Before coming to the University of Michigan and taking part in some self-awareness exercises, I had not considered myself to have privilege. I mean, I was a female coming from a poor/middle class family and town with no exceptional talents or opportunities growing up. I went to school, played some sports, worked at a fast food place, and had some friends. Middle average at best.
In media today, the word “privilege” is thrown around a lot. It was one of those buzz words I had heard but didn’t really know what it meant, like “sustainable” or “diversification.” I knew “privilege” had negative connotations and did not think it really applied to me because it was not really a part of my world. In my hometown, everyone basically came from the same money and opportunities, so the idea of privilege had never occurred to me.
But now I know that I am privileged: privileged to be able to attend a great university, that my parents love and support my desire to go to college, that I have no major disabilities that would deter me from attending college, that my parents are both working and able and willing to help with my tuition payments, and for so much more. Everyone has their own privileges, whether they acknowledge them or not.
But the point is, I had believed for the most part of my life that I was not privileged. I had carried myself without acknowledging that I had opportunities that others did not. I had spoken my mind and given my opinion without thinking that others may have a different experience and point of view. And the day that I realized this, I vowed to always “check” my privilege before saying anything or writing anything I was not an expert on.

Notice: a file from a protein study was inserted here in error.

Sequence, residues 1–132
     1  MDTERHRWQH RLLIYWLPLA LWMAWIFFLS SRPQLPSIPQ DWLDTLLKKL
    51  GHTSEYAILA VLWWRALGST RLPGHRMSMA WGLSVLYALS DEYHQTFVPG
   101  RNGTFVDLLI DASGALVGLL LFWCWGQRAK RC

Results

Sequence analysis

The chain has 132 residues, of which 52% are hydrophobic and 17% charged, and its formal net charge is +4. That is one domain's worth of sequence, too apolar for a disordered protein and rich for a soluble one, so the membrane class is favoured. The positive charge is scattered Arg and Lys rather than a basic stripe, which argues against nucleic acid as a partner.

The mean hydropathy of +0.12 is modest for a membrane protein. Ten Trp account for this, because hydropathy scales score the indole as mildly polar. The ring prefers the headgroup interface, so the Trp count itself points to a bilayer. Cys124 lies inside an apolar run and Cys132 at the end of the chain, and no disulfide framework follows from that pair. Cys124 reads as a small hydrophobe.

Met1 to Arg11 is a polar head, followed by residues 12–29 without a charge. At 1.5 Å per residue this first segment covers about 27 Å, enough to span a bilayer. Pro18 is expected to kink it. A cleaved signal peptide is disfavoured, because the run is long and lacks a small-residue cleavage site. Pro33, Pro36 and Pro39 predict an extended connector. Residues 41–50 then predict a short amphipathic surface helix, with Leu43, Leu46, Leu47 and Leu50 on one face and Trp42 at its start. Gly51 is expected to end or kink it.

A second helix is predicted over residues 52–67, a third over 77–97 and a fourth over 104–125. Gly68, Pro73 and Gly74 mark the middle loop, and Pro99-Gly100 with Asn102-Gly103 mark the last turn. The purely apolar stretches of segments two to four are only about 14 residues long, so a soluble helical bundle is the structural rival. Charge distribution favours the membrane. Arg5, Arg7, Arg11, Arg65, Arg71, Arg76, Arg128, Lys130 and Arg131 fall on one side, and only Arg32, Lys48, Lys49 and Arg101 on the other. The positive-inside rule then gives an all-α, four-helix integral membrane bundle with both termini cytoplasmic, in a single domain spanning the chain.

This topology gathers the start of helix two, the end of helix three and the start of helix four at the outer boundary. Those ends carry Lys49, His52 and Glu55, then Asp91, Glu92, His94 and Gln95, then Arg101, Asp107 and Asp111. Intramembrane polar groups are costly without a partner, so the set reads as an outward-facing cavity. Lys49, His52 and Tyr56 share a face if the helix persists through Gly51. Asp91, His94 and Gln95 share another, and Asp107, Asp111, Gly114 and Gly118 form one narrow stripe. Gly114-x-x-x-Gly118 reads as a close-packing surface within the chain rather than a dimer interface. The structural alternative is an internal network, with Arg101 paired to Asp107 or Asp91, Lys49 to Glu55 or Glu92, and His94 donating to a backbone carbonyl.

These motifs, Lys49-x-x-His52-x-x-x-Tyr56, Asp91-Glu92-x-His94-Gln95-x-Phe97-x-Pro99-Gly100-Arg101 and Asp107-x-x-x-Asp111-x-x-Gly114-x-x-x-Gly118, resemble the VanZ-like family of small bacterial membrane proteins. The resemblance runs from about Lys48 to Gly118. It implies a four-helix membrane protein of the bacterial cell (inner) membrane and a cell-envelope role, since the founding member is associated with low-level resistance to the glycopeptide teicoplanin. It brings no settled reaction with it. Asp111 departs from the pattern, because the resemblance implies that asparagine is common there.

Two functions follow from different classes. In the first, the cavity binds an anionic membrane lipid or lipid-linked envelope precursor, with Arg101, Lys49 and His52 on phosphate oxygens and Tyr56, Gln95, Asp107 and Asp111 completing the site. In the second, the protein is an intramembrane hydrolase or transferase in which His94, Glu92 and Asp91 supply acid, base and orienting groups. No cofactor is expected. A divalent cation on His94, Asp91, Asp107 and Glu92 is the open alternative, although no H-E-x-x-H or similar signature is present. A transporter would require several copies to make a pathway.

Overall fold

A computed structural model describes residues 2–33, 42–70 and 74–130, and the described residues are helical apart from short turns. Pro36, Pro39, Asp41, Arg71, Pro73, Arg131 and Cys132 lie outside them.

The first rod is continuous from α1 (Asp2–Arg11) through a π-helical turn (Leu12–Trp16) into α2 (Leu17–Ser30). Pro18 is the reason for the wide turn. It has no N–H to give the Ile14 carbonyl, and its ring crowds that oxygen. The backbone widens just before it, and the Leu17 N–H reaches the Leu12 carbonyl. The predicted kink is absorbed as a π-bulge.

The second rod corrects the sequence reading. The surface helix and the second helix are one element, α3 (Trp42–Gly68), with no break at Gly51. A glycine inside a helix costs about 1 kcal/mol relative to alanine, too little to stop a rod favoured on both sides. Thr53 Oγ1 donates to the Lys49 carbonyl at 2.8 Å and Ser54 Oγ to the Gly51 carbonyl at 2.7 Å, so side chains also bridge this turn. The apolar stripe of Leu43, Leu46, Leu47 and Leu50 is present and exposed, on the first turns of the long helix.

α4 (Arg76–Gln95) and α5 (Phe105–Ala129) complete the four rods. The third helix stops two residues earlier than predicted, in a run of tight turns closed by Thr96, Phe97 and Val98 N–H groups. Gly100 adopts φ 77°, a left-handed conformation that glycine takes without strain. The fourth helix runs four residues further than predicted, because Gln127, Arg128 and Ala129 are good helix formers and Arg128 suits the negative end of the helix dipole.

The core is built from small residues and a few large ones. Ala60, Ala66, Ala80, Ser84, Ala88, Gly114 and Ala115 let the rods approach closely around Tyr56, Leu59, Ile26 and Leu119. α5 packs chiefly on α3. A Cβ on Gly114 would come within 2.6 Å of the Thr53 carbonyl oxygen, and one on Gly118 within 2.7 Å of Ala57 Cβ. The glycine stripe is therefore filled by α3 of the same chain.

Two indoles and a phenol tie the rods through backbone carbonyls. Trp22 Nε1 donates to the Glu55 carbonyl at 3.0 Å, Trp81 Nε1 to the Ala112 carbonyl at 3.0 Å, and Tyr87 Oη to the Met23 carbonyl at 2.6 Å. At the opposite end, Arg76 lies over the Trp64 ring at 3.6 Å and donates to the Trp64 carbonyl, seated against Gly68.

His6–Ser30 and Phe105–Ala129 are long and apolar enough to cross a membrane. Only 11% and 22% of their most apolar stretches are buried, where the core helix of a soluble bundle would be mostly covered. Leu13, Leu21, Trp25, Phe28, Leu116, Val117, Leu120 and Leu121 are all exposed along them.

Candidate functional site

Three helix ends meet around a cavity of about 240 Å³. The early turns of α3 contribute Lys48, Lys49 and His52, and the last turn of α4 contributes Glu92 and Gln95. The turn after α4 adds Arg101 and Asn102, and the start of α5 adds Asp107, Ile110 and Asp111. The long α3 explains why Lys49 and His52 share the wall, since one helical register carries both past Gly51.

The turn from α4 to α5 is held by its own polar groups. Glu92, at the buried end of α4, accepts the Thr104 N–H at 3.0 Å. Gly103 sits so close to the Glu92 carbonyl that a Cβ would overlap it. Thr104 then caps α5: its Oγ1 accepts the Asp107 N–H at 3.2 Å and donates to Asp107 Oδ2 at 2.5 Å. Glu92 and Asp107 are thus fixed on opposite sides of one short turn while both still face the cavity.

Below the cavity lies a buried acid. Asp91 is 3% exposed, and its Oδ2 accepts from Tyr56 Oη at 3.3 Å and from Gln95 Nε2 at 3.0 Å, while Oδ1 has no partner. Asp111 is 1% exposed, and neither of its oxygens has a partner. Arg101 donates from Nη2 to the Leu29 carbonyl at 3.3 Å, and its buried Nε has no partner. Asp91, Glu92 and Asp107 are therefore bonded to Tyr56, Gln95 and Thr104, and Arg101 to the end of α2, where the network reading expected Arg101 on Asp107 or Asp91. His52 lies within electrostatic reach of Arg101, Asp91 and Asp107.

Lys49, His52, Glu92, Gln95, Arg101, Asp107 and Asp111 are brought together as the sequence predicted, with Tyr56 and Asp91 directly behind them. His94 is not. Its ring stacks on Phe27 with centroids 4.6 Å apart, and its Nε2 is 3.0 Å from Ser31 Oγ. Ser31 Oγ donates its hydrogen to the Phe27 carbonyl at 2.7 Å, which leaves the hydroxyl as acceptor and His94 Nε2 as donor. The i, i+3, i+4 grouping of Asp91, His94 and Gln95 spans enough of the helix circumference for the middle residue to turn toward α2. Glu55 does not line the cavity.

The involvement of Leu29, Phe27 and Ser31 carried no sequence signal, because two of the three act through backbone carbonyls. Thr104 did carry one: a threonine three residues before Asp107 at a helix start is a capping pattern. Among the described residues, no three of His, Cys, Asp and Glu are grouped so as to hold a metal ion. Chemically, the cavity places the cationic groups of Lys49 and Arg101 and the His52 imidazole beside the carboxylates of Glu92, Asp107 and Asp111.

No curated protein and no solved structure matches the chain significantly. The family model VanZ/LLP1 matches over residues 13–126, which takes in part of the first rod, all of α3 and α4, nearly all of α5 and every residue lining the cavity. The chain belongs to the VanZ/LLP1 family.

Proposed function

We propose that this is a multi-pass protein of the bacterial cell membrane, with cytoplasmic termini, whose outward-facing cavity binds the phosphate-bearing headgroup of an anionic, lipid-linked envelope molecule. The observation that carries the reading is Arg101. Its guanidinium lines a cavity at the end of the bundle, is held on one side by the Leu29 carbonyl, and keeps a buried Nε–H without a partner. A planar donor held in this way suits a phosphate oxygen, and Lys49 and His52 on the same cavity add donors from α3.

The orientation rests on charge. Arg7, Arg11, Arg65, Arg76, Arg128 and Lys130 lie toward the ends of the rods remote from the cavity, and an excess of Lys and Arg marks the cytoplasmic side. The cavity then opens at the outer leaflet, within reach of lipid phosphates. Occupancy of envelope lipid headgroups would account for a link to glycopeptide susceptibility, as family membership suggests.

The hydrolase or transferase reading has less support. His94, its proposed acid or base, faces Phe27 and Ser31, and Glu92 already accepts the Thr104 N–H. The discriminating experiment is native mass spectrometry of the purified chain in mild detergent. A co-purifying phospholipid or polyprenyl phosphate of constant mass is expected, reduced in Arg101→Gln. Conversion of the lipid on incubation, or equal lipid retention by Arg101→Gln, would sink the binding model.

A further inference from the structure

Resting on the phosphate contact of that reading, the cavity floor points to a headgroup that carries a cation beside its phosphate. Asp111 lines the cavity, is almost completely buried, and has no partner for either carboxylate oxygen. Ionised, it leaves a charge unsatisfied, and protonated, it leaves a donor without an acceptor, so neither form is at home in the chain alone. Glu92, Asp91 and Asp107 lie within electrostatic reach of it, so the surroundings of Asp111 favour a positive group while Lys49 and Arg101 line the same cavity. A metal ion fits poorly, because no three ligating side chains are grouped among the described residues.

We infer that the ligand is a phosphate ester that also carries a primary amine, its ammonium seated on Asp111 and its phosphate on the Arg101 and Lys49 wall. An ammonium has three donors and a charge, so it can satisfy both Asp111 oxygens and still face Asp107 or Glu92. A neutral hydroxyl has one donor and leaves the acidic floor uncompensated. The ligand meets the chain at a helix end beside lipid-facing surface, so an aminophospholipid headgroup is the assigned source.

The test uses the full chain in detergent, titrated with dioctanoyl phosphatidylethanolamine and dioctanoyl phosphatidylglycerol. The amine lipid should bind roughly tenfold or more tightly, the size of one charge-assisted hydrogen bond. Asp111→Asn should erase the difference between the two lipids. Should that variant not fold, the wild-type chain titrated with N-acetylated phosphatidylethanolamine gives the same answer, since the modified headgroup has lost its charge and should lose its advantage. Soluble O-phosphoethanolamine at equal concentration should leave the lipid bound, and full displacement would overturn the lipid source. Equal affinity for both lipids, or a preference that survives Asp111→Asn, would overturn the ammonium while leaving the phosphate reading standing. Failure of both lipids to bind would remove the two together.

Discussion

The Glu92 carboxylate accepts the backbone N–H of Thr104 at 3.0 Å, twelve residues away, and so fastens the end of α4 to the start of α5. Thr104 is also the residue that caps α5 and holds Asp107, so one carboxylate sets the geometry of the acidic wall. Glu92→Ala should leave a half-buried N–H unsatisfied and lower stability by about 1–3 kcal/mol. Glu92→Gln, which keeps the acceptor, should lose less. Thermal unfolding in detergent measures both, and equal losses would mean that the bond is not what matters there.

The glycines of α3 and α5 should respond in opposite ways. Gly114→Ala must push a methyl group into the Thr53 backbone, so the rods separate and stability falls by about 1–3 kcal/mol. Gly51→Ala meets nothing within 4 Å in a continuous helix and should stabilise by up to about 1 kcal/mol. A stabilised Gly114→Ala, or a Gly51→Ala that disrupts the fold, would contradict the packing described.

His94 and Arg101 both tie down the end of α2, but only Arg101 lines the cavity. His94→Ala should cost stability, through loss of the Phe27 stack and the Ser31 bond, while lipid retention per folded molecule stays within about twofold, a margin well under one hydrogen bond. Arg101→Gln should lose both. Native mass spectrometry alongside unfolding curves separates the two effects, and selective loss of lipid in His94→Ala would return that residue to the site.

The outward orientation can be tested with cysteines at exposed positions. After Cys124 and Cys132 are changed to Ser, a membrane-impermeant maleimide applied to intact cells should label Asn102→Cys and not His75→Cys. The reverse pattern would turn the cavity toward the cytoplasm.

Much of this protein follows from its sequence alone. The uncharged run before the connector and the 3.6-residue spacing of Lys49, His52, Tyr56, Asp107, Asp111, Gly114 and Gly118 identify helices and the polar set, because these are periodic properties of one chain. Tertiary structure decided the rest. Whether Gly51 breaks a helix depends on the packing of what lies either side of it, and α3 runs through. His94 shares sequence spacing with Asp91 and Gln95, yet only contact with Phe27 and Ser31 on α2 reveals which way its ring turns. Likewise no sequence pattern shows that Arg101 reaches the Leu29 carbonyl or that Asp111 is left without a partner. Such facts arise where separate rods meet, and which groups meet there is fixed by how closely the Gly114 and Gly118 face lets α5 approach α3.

Unfortunately for me, this promise to myself had turned into a little voice in the back of my head every time I went to speak in class on a tough topic or write something of substance.
What do you know about that? You’ve never done any research on it. You don’t even read the newspaper. Who cares about your opinion?
I wanted to write about something important and have a real, valid opinion, but I was so afraid that what I say would be considered privileged or ignorant that I would stop.
I began to deal with this fear in Gateway last year; for the final project, I chose to do a presentation about sexual assault and sexual violence. Now, even though I have the privilege of never having first-hand experience, I had second-hand experience and was always very interested in the effects on survivors. I wanted to learn and write and teach about something that really mattered to me. But I had that little voice in the back of my head again.
What gives you the right to speak about sexual violence? Why do you care so much about it? It’s way too personal of a subject to be talking about. It’s only going to make actual survivors uncomfortable and resentful toward you.
I snubbed that nagging little voice by doing a TON of research. I learned about the formal effects (i.e. PTSD, increased anxiety, etc.) as well as the informal effects that they don’t list on websites that actual survivors reported on anonymous forums. I learned about the many branches and trap doors of sexual violence and how just recently it is becoming normalized to talk about. I learned that, even with my privileged opinion, I can still do good by continuing the conversation and teaching others what it is all about and why it should be able to be talked about.
Although I cannot “solve” the fear of others viewing my point of view as privileged or ignorant, I can do research and learn as much that I can and then acknowledge my privilege. Acknowledge that what I am saying may not be immersed in experience and first-hand knowledge, but it is still an informed opinion worth speaking.